Now my current rate, which I’m sure this will go up, but I’m currently charging $2500 for a sales page. At that rate I’m able to budget my time much better. I can do a lot more ground work and I can deliver a way better page. When I talk to someone, when a client gets on the phone with me, and they’re probably interviewing a bunch of copywriters, and they probably had a couple other copywriters quote them a thousand, or fifteen hundred or maybe even seven fifty, and I throw out this number of twenty-five hundred and initially it’s probably a bit scary for them, but when I talk about my process … I just finished a sales page last week. When I was doing the consultation for that job, I told them about interviewing their prospective students for their new course, and interviewing-they’re a real estate broker so-interviewing the agents that work for them, they said, “Wow, we talked to a lot of other copywriters and none of them mentioned that.” I talk a lot about my process, and why I do things, and why it costs what it costs. To be honest, it’s really uncommon that people bargain with me. It almost never happens.

RM: Interesting. I love that you are talking about the back end process of writing be so many people when they go to buy copywriting they just expect that, “Hey, I’m hiring a copywriter, they’re gonna write some copy, they’re gonna send me a document, and it’s done,” and there’s so much more that goes into the process-interviewing customers, doing customer surveys, competitive research, message mining, different things that so many people do to prepare-and I love that you’re mentioning that as part of your process because you’re right, you’ve got to price that into what you’re doing.

TK: Totally, because that actually is the most time consuming thing. Once I’ve done all those interviews, and looked at all their data, and figured out all that stuff, and created a spit draft for a sales page, the writing is like, “Whoohoo,” it’s so easy and so fast because all the prep work is done. Theoretically I can say, “Well, you know, it takes me three days to write a sales page so, you know, I’ll just charge for three days of work,” but it’s so much more than that.

RM: Exactly. We could probably keep talking about money all hour but I want to shift gears just a little bit. You just sent out an email newsletter and posted it on your blog some of the greatest hits and things that you had learned from the past year and one of the things that really stuck out to me, in fact, I almost emailed you about it and then I thought, “Well, we’re talking so I’m gonna ask you about this,” is your postcard project. I saw that and I thought, “What is it that she’s doing with postcards?” That’s my question. What are you doing with postcards? You sent out hundreds of them to people. What is this postcard thing?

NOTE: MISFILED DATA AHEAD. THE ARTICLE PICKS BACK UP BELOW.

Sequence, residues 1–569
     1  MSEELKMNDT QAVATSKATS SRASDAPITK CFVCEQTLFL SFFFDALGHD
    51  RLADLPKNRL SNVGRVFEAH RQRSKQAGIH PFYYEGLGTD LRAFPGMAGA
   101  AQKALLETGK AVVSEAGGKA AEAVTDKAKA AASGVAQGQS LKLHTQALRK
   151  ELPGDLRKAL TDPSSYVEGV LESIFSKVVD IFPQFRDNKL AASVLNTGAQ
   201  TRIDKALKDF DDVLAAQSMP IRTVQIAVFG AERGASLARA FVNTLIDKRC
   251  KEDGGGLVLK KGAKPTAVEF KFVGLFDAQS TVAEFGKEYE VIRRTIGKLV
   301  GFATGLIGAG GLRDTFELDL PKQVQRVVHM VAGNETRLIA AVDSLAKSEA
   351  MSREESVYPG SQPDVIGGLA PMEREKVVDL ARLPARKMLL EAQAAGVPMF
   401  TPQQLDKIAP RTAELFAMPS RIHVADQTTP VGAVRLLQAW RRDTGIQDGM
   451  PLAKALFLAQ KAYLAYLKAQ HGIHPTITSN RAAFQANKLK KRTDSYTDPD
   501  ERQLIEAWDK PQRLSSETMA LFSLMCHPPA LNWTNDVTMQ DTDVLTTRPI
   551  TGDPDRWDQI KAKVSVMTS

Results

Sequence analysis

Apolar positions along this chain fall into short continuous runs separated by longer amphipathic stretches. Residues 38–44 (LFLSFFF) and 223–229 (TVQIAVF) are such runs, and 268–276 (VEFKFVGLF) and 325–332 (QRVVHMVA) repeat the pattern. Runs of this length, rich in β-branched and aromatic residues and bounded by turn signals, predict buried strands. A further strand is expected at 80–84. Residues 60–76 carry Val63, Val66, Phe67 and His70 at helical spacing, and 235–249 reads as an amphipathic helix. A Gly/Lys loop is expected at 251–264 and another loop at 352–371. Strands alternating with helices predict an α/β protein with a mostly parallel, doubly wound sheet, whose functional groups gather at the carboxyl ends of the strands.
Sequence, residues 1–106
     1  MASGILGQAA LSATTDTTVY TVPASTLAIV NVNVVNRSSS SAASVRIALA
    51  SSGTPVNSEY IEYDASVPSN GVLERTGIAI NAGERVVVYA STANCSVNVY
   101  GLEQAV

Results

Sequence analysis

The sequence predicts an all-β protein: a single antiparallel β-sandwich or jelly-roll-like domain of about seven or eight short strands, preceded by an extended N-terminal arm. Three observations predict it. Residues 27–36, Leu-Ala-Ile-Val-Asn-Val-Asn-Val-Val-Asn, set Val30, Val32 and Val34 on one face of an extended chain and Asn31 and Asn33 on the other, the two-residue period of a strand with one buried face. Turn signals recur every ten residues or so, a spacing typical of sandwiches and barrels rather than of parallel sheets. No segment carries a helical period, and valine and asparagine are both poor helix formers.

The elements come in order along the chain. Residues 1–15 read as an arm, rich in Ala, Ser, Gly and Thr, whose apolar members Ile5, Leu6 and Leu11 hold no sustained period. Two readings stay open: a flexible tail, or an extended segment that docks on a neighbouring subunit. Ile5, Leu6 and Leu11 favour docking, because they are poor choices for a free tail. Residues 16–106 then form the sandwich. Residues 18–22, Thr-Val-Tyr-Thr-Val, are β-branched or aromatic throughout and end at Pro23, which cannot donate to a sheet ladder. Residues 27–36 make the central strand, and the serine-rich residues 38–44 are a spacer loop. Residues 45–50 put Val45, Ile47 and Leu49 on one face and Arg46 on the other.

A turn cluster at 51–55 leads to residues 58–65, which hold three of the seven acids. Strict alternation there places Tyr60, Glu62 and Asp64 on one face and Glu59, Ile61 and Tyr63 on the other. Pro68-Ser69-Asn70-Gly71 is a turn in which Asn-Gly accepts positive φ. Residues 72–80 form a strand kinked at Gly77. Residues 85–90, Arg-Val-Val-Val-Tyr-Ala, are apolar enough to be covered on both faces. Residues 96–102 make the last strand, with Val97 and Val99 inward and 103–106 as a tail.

TZ: Everybody knows about the power of handwritten notes. It’s talked about in every program. People get so delighted when they receive them, but actually very few people send them. I realized early on in January that by sending one postcard that costs me $1.00, I have a huge competitive advantage. I printed out a few hundred early in January and they’re not even that amazing. I think they’re beautiful. I designed it myself and when I put my logo in it’s a little bit fuzzy. My postcards are not perfect but they have been so effective. They have a fun kind of tag line or like a fun saying on them. They’re really simple and they’re not overly branded so if you got one of my postcards it’s something that you would tack on your fridge because you would look at it in the morning and you’d be like, “Oh, yeah.” I intentionally designed it that way and I’m gonna print some new ones for 2017, which I will have a designer do this time, but it will be the same sort of thing. Something that’s fun that people want to look at again and again and they don’t really want to throw out.

I think I actually got this idea from Danielle LaPorte who, I ordered her yearly planner, and I got the planner, and it came with a postcard in it and it’s beautiful. It’s white and it says, “Love rewards the brave,” in black scrawling handwriting. I loved this postcard so much, it’s pinned up in my office. I look at it all the time. This probably happened subconsciously but I want people to have my postcards in their office and look at it every day and think about Tarzan or how awesome they are.

RM: I love that idea. Obviously people talk about the handwritten note, that kind of a thing, but it’s so easy to fire off an email and not go the extra step. This definitely, I’m stealing this idea. One of my resolutions for the new year is going to be to send out handwritten notes and…